Home » Past Questions » Writing and Language » DIRECTIONS Each passage below is accompanied by a number of questions. For som...

DIRECTIONS Each passage below is accompanied by a number of questions. For som...


Each passage below is accompanied by a number of questions. For some questions, you will consider how the passage might be revised to improve the expression of ideas. For other questions, you will consider how the passage might be edited to correct errors in sentence structure, usage, or punctuation. A passage or a question may be accompanied by one or more graphics (such as a table or graph) that you will consider as you make revising and editing decisions.
Some questions will direct you to an underlined portion of a passage. Other questions will direct you to a location in a passage or ask you to think about the passage as a whole. After reading each passage, choose the answer to each question that most effectively improves the quality of writing in the passage or that makes the passage conform to the conventions of standard written English. Many questions include a “NO CHANGE” option. Choose that option if you think the best choice is to leave the relevant portion of the passage as it is.

A total of 11 questions are based on the following passage.

Prehistoric Printing
Paleontologists are using modern technology to gain a greater understanding of the distant past. With the aid of computed tomography (CT) scanning and 3-D printing, researchers are able to create accurate models of prehistoric fossils. [Q1] These models have expanded researchers’ knowledge of ancient species and [Q2] swear to advance the field of paleontology in the years to come.
CT scanners use X-rays to map the surface of a fossil in minute detail, recording as many as one million data points to create a digital blueprint. A 3-D printer then builds a polymer model based on this blueprint, much as a regular computer printer reproduces digital documents on paper. [Q3] Whereas the head of an ordinary computer printer moves back and forth while printing ink onto paper, the corresponding part of a 3-D printer moves in multiple dimensions while squirting out thin layers of melted polymer plastic. The plastic hardens quickly, [Q4] it allows the printer to build the layers of the final model. Compared with older ways of modeling fossils, scanning and printing in this way is extremely versatile.
[1] One significant benefit of 3-D printing technology is its ability to create scale reproductions of fossils. [2] But now 3-D scale models can be rearranged with ease, which is a huge boon to scientists. [3] A team led by Drexel University professor Kenneth Lacovara is making models of dinosaur bones one-tenth the bones’ original sizes [Q5] in order to learn how they fit together when the animals were alive. [4] In the past, such research was limited by the weight and bulk of the fossils as well as [Q6] its preciousness and fragility. [5] In many cases, scientists had to rearrange bones virtually, using artists’ renderings. [Q7]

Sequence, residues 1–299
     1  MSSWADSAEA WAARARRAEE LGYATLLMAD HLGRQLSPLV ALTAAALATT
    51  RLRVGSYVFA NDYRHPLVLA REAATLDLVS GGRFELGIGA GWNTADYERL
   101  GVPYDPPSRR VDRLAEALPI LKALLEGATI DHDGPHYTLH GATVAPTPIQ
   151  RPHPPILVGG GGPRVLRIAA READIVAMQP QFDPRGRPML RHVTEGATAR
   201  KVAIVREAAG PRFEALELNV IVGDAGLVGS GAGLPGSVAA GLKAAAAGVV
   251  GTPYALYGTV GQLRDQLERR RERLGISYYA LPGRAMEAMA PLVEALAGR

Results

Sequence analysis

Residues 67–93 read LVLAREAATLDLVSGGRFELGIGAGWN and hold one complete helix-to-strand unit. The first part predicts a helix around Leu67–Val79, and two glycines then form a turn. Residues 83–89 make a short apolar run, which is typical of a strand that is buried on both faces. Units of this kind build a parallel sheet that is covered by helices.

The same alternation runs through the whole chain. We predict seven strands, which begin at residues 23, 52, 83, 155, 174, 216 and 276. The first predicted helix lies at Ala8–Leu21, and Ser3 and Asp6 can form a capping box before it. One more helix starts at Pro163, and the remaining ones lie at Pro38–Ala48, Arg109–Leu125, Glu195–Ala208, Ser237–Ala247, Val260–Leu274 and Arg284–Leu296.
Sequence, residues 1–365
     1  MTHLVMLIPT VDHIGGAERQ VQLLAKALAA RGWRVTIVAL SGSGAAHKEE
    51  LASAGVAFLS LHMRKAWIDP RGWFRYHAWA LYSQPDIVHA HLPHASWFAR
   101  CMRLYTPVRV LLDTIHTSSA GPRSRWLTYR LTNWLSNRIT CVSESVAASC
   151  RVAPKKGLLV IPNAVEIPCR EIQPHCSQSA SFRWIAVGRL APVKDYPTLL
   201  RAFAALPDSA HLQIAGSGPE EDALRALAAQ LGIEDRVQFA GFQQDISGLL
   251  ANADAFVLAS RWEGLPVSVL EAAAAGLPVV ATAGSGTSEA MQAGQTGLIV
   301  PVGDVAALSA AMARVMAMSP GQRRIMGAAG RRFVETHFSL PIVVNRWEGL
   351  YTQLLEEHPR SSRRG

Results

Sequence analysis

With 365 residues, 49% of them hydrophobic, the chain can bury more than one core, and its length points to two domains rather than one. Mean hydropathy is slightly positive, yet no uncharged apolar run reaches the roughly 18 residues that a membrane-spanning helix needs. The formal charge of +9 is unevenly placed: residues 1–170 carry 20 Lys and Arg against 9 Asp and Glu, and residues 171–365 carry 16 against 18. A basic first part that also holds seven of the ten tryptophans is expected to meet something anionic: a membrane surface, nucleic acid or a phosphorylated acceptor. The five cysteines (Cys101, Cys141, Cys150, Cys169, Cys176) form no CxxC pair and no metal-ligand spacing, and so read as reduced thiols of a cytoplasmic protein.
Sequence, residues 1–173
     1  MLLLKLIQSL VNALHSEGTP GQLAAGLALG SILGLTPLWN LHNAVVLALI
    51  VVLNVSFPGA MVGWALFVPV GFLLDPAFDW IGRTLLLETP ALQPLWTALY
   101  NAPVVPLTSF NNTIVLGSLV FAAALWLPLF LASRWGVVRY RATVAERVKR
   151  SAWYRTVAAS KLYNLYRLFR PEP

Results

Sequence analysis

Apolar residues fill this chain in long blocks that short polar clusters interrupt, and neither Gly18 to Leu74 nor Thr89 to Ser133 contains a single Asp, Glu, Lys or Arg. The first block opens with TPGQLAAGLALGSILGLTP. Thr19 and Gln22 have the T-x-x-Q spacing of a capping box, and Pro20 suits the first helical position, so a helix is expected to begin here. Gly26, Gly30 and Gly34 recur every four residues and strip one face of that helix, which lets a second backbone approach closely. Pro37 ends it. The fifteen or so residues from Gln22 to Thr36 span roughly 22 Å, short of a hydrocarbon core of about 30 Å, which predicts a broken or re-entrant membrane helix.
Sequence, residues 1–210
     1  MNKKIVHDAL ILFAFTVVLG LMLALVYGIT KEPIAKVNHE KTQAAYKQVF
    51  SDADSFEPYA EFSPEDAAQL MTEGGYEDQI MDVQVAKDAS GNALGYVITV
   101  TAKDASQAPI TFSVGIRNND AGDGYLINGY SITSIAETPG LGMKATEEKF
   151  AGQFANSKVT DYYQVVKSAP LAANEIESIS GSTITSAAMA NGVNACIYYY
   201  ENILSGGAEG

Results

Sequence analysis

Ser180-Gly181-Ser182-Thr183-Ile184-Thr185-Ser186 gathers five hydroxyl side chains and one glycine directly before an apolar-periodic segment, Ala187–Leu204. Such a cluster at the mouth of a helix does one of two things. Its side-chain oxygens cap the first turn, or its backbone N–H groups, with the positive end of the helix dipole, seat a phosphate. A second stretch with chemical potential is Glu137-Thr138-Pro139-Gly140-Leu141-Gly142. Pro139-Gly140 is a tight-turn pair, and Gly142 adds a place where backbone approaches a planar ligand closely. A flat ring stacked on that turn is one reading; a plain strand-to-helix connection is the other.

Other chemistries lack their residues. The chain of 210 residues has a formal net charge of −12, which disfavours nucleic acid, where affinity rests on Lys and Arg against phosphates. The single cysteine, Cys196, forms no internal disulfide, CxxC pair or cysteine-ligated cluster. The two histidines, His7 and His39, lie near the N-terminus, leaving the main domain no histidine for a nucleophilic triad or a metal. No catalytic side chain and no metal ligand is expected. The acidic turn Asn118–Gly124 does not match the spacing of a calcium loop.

Because CT scanners can map objects that are impossible to excavate, CT scanning and 3-D printing can also be used to reproduce fossils that scientists cannot observe firsthand. [Q8] By contrast, researchers from the National Museum of Brazil [Q9] has relied on this technique to study a fossilized skeleton that was discovered protruding from a rock at an old São Paulo railroad site. [Q10] The fossil was too delicate to be removed from the rock. Because of the fossil’s delicate nature, the team dug up a block of stone around the fossil and brought it to their lab. With the aid of a CT scanner and a 3-D printer, they were able to produce a resin model of the fossil. Examining the model, the researchers determined that [Q11] one had found a new species, a 75-million-year-old crocodile. While not every discovery will be as dramatic as this one, paleontologists anticipate further expanding their knowledge of ancient life-forms as CT scanning and 3-D printing continue to make fossils more accessible.

What will be the most pertinent answer to Q6?



The correct answer is C.


Choice C is the best answer because the personal plural pronoun “their” agrees in number with its antecedent, the plural noun “fossils.”

Choice A is incorrect because the pronoun “its” is singular and doesn’t agree with the plural antecedent “fossils.” Choices B and D are incorrect because a personal pronoun is needed in the sentence. Neither “it’s” (the contraction of “it is”) nor “there” is a personal pronoun.

More Past Questions: